There was so much hope in finally putting the pieces together. That’s why I’d always been a little different from other girls — why I had to force myself to care about impressing boys or deciding which ones were cute. That’s why I cried and felt my stomach twist after my first kiss with a boy, and why I only had crushes on the ones who turned out to be gay.
But we also dated in secret. At the beginning of our relationship, I had no idea what the people around me would think if I came out. I wanted to, but I was terrified of how the conversations would go.
My girlfriend knew that her parents were homophobic. They would never allow their daughter to be in a lesbian relationship. So we kept it a secret, using the veneer of friendship to date for almost a year.
When our relationship ended, it wasn’t by choice. There was a record of everything stored on our phones and computers — through texts, emails, and Tumblr posts. All it took was the wrong person catching a suspicious text floating across a screen for everything to be exposed, and eventually, we got caught.
Secret relationships are explored even further on ‘Illicit Affairs’
On “Illicit Affairs,” the idea of meeting a loved one in “beautiful rooms,” only to end with “meetings in parking lots” was a sharp reminder of the mechanism of sneaking around. Even after I wasn’t allowed to see my girlfriend anymore, I had brief moments in my car with her in our high school parking lot.
Being closeted is one of the most melancholy states of being, especially as a young queer person, surrounded by non-queer people who are able to express their blossoming relationships without fear of scrutiny. Being punished for your “clandestine meetings” is even worse, and instills long-lasting anxieties and insecurities.
It’s a weary feeling to have to hide the things that make you happiest from overly critical eyes and closed minds. While Swift hides from an unforgiving media and perpetual critics rather than homophobia, the substance of her songs and the darkness in “Folklore” offer a comforting sense of familiarity.
Even as I grew older, went to college, and had relationships that were a little more public, I still struggled — and continue to struggle — with hiding elements of my relationships and sexuality. I’m out now — but none of my girlfriends have been.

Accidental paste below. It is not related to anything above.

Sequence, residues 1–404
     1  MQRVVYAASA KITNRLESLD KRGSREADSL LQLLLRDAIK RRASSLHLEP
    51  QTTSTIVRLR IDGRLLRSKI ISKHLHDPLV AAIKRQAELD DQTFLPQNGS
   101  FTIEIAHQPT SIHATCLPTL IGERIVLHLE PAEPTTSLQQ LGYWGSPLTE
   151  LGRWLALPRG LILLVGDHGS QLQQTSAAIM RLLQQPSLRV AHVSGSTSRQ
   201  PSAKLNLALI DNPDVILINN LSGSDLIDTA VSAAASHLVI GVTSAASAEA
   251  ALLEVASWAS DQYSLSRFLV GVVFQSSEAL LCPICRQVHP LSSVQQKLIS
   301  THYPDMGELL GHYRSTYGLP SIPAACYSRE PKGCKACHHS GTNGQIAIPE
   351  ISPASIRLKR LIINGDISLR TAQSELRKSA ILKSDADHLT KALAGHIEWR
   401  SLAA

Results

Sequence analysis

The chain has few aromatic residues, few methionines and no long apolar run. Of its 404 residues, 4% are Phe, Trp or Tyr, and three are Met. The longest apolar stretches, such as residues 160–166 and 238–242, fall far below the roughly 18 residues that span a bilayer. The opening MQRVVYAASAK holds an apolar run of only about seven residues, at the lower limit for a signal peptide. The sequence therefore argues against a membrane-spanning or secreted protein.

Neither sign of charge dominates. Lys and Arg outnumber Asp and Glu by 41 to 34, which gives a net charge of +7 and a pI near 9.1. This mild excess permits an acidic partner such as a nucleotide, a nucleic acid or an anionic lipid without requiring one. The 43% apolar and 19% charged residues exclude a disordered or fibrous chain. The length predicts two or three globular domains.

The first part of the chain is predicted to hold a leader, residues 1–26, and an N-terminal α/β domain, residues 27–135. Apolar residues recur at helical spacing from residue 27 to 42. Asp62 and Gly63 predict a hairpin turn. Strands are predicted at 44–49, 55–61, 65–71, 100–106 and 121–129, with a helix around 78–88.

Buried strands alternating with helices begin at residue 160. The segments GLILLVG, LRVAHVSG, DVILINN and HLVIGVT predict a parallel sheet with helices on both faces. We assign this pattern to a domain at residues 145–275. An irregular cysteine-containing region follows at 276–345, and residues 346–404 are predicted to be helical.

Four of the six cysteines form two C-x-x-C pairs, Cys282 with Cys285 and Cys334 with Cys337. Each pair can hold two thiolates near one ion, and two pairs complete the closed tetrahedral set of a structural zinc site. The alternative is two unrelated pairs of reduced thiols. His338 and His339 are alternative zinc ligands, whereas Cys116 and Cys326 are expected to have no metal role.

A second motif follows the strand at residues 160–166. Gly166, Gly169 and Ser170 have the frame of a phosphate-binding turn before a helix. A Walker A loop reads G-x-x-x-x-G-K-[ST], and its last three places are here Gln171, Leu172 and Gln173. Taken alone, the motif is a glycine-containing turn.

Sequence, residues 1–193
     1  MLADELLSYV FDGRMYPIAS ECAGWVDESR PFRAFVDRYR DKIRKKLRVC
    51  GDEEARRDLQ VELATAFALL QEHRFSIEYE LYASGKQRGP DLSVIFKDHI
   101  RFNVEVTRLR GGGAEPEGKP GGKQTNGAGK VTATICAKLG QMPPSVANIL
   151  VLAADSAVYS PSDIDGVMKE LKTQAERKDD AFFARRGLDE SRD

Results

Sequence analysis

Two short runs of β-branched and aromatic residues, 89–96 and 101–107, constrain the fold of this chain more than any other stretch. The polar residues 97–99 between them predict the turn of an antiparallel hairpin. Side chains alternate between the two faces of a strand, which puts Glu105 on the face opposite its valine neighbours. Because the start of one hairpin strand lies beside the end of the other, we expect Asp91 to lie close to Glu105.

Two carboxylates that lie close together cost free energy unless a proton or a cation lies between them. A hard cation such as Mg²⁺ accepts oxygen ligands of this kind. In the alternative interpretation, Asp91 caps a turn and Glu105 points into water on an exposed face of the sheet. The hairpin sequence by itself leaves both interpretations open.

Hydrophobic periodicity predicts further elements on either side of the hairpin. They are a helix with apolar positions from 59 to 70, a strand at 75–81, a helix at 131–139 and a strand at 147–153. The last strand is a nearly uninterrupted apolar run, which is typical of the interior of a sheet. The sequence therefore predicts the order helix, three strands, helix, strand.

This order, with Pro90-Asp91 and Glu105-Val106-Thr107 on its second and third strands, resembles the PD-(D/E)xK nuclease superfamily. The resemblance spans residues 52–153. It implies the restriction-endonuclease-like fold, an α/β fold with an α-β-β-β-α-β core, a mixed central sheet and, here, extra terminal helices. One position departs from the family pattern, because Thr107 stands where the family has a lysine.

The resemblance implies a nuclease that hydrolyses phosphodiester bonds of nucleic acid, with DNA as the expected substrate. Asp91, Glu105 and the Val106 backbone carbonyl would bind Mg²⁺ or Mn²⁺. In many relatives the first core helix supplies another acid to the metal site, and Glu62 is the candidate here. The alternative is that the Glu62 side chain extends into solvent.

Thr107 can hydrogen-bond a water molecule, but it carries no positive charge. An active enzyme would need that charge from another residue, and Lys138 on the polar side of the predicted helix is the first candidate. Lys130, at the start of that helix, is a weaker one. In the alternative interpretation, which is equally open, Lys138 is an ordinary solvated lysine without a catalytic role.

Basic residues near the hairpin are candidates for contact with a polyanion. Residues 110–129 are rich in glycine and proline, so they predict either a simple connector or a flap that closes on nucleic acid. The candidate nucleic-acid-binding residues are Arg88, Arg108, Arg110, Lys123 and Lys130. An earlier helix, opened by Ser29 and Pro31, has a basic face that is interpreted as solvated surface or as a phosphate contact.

In one past relationship, my girlfriend was so afraid her conservative, homophobic parents would find out that she made up a fake ex-boyfriend for me and told them about him.
It goes without saying that I’ve never been able to post about my relationships online, because that would have outed my girlfriends. I’ve always played the role of a best friend in front of their families.
Queer identities extend beyond relationships, and ‘Folklore’ also captures the complexities and contradictions of femininity
On “Mirrorball,” Swift talks about the role-playing inherent in being a woman. She talks about having to change everything about herself to fit in, which resonated with the casual acting I’ve trained myself to perform in the closet.
Beyond pretending to be straight, though, being a gay woman means existing to the contrary of traditional ideas of femininity. Women have long been defined by their proximity to men, and being a woman has often been moored to the concept of men as romantic and sexual partners.
My traditionally feminine gender presentation — I wear makeup and dresses, and often have long hair and nails — has often felt incompatible with my sexuality. Even as a teenager, I was uncomfortable with the way I was perceived by men.
Without the prospect of ever dating a man or needing to appeal to a man, there’s a sense of freedom that can also feel like uncharted territory. I’m still mapping that no man’s land out.
I’ve never felt confident about how I present myself to the world, whether I’m lying about who I am to protect the person I love, passing as a straight woman with my feminine gender presentation, or struggling to identify myself to other queer woman without feeling forced.
“Mirrorball” in particular emphasizes the way Swift chooses to embrace femininity. It’s a song written for other women, and it doesn’t care about whether men will enjoy it or not.
Swift singing “I’ve never been a natural/All I do is try, try, try” might be the point where I see myself clearest — it’s no wonder she describes herself as a reflective surface.
It’s incredibly gratifying to feel a little seen, and feel a little understood, by an artist whose presence has guided you from adolescence to adulthood, like Swift’s has for me. In “Folklore,” Swift rolled out a moody blue carpet that chronicles all the nuances of my life so far, and all the reward of having lived through them.